Welcome, friends, to Friday Favorites! Each week, Prasanta Verma and I round up our favorite links related to prayer, spirituality, and writing. We hope it will enrich your life and help you to find the best the web has to offer.

Do you have someone else’s article or post that you’d like to see on Friday Favorites? Find me on Twitter (@LisaKDeam) to nominate your favorite articles, blog posts, etc. by Thursday noon each week.

Read, be encouraged, and be blessed.

***

 

Kyrie Eleison: A Prayer for Heavy Times via Jessica Sanborn (when you have a hard time praying, try these ancient words)

Friendsgiving and Why It Matters To Me via Elizabeth Ríoѕ (the beautiful tradition of yearly friendship gatherings)

David K. Weber (in what ways does the ascetic practice of pilgrimage bless the pilgrim?)

My Advice to Struggling Artists: Seek First God’s Kingdom via Andrew Peterson (the key to creativity is worship and prayer)

Time, Space, and Materials via Austin Kleon (what artists and children need to do their work)

Is Multitasking Ruining Your Productivity? via Sarah Bolme (the myth of multitasking; or, do less and accomplish more)

 

What Is Your Vocation?

I’m someone who has long struggled with work and vocation. I have a sketchy employment history. I’ve had trouble paying the bills. I frequently wonder just what it is that God is calling me to do with my life.

On the subject of vocation, I’ve often come across the following quote from Frederick Buechner, the writer and theologian: “The place God calls you to is the place where your deep gladness and the world’s deep hunger meet.” It’s a beautiful thought; I can see why it’s quoted so often. But it hasn’t helped me much in my own struggles.

Like a Bible verse, Buechner’s quotation is often lifted out of context. There’s a lot more to it than just that one sentence. The quote comes from the book, Wishful Thinking. In this book, Buechner defines vocation as the work God calls a person to do. Then, in the first edition of the book, he writes:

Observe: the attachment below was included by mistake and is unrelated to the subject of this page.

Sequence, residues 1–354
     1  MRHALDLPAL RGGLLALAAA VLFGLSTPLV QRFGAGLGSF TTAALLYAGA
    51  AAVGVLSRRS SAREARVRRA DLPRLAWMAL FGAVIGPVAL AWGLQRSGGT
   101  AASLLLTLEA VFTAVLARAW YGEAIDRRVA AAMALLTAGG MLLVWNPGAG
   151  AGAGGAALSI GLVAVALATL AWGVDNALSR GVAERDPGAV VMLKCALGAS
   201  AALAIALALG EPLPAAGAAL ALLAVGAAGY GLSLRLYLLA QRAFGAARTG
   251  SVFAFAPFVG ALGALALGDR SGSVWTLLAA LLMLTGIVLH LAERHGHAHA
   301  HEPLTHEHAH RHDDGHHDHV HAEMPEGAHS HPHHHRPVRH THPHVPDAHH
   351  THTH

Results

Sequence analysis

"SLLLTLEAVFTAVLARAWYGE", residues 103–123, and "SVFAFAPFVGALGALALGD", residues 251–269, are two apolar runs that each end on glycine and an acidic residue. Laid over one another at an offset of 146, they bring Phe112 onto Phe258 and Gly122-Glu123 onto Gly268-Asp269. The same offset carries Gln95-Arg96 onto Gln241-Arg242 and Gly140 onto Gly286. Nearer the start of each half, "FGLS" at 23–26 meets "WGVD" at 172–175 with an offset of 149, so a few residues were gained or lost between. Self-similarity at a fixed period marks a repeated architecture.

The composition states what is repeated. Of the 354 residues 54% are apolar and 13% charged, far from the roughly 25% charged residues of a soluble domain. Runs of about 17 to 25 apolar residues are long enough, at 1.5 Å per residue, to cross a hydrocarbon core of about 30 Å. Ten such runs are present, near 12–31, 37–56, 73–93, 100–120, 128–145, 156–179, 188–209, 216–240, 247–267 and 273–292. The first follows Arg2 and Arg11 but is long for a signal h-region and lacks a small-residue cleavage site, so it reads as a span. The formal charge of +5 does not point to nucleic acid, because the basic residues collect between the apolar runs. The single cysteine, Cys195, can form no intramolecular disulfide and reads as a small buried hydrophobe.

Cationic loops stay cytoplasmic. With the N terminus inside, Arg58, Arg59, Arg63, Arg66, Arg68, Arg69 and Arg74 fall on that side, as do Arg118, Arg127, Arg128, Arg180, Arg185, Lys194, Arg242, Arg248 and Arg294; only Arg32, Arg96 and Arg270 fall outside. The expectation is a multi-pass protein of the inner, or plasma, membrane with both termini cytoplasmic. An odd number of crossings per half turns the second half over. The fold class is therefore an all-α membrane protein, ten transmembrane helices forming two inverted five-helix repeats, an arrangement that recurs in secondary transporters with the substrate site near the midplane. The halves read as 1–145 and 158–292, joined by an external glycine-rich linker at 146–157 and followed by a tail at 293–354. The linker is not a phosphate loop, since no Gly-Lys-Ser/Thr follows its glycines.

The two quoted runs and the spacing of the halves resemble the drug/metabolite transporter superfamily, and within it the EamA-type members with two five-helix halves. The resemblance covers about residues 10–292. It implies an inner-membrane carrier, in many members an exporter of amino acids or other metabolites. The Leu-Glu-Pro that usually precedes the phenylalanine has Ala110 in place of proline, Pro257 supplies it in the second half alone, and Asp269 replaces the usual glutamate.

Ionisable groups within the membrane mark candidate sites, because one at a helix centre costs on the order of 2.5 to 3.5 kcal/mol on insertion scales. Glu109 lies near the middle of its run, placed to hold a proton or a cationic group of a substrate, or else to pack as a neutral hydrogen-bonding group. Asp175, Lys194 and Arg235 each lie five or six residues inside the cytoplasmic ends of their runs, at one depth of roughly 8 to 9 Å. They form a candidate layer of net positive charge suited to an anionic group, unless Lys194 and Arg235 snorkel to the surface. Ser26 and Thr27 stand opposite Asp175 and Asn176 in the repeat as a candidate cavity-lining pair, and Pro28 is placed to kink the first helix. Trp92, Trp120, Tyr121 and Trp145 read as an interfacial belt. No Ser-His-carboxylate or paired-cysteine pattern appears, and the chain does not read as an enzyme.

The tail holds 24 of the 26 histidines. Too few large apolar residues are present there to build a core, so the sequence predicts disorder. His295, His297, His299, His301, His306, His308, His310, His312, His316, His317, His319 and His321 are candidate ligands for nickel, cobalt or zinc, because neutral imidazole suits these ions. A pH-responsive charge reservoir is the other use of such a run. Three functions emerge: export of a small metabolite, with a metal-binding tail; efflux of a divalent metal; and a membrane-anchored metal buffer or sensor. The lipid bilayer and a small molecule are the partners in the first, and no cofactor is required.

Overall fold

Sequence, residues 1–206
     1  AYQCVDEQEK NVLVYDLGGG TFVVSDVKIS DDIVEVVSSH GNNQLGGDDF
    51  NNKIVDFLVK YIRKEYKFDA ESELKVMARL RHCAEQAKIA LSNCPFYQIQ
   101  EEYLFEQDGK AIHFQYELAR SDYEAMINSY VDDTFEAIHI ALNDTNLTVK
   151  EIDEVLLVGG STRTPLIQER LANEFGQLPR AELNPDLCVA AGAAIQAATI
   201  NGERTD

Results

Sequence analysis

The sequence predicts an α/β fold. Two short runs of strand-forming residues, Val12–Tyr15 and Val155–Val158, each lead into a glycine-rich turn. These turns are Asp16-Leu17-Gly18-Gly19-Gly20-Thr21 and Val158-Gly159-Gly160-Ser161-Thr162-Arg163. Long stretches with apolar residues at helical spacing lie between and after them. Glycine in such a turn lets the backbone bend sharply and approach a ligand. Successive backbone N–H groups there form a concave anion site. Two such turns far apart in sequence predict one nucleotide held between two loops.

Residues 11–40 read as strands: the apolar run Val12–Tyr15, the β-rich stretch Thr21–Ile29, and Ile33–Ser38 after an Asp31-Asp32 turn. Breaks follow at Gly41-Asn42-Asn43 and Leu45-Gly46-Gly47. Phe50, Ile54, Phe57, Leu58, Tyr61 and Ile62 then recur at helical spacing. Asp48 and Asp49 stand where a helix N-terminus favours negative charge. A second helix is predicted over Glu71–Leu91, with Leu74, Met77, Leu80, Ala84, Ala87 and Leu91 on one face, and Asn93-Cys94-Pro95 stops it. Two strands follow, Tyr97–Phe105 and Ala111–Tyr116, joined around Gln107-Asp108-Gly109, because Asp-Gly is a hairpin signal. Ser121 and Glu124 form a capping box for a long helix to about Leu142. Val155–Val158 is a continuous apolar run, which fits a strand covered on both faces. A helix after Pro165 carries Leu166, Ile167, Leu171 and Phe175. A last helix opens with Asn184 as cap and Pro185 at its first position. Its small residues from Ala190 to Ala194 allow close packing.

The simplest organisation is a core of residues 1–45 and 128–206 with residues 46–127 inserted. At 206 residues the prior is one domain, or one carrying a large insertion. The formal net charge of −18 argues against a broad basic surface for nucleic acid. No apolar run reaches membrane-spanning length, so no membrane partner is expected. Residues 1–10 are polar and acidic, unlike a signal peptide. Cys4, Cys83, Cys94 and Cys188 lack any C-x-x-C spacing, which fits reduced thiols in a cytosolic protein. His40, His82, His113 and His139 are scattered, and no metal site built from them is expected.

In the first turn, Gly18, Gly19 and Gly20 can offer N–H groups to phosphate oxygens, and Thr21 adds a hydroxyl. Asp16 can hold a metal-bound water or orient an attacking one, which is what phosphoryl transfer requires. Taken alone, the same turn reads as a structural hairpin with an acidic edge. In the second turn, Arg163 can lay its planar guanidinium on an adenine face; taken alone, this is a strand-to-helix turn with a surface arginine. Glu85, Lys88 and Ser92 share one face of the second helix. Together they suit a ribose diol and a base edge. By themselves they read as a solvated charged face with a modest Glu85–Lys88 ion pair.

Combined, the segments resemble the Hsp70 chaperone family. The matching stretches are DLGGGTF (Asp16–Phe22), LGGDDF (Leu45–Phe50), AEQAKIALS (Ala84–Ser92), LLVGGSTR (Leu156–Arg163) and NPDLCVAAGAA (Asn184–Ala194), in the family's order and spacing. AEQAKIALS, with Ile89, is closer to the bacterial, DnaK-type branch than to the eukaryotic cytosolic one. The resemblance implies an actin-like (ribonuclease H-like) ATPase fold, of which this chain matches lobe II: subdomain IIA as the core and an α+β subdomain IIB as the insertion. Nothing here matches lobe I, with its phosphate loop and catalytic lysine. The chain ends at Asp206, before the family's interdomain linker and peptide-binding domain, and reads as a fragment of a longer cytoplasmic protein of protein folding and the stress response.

The kind of work God usually calls you to is the kind of work (a) that you need most to do and (b) that the world most needs to have done. If you really get a kick out of your work, you’ve presumably met requirement (a), but if your work is writing TV deodorant commercials, the chances are you’ve missed requirement (b). On the other hand, if your work is being a doctor in a leper colony, you have probably met requirement (b)…

 

The place God calls you to is the place where your deep gladness and the world’s deep hunger meet.

I still think the last sentence of this passage is lovely. But when I read the paragraph preceding it, my first reaction was, What on earth is wrong with writing deodorant commercials? I actually think this job is worthwhile, and I think this for two reasons. First, because the world needs deodorant. So, yes, let’s write some ads and sell more of it! Second and more importantly–what if your job writing deodorant ads is what enables you to put food on the table? Provide for your family? Pay the bills?

Some of us, maybe even most of us, will not have jobs that in themselves fulfill the world’s deepest hunger. We cannot all be doctors in leper colonies, pastors, missionaries, hospice workers, or counselors. I deeply admire Buechner and have learned much from him (in fact, you’ll probably see me quoting some of his Advent writing pretty soon). However, I have reservations about Buechner’s treatment of vocation because it implies that some jobs are worth more to God than others. If you’re not a doctor or something similar, you’re somehow missing the mark. You’re not fulfilling your vocation. I think this view is wrong. It’s more than a bit elitist.

There was a time in my life when I was a college professor and a time when I was a Kelly Girl. I can tell you which job my peers most admired me for. But during my stint as a temp worker, I was pretty happy to be bringing in some much-needed income. I think I was fulfilling my vocation by working hard and helping my family, even if this work didn’t meet Buechner’s definition.

And what about the other part of Buechner’s famous quotation? The “deep gladness” part? Well, I wish that we could all find jobs that stem from a deep well of joy. But let’s face it, sometimes work is a 9 to 5 kind of thing. Sometimes it is just what pays the bills. And there is no shame in that. We should do the work we can in a way that glorifies God.

We do this because a job is not the same thing as a vocation. Originally, a vocation meant a divine call to the religious life. Its common usage gradually broadened to mean the particular gifts or interests God has given us or the call to a certain kind of life. But above all, a person’s vocation is her call to follow Jesus Christ in and through whatever work or tasks she does.